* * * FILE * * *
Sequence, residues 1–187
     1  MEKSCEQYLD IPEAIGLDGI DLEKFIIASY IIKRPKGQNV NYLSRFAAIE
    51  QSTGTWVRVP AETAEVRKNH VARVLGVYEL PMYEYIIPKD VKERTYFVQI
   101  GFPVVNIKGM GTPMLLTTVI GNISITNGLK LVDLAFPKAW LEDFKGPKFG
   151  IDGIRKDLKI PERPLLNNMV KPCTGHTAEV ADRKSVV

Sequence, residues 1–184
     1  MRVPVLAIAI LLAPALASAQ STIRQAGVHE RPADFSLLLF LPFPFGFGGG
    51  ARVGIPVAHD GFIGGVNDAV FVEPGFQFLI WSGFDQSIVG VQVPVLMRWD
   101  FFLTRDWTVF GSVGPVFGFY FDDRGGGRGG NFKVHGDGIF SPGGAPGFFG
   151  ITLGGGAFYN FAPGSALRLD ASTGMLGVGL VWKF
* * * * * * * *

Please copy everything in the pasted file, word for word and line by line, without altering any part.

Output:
Sequence, residues 1–187
     1  MEKSCEQYLD IPEAIGLDGI DLEKFIIASY IIKRPKGQNV NYLSRFAAIE
    51  QSTGTWVRVP AETAEVRKNH VARVLGVYEL PMYEYIIPKD VKERTYFVQI
   101  GFPVVNIKGM GTPMLLTTVI GNISITNGLK LVDLAFPKAW LEDFKGPKFG
   151  IDGIRKDLKI PERPLLNNMV KPCTGHTAEV ADRKSVV

Sequence, residues 1–184
     1  MRVPVLAIAI LLAPALASAQ STIRQAGVHE RPADFSLLLF LPFPFGFGGG
    51  ARVGIPVAHD GFIGGVNDAV FVEPGFQFLI WSGFDQSIVG VQVPVLMRWD
   101  FFLTRDWTVF GSVGPVFGFY FDDRGGGRGG NFKVHGDGIF SPGGAPGFFG
   151  ITLGGGAFYN FAPGSALRLD ASTGMLGVGL VWKF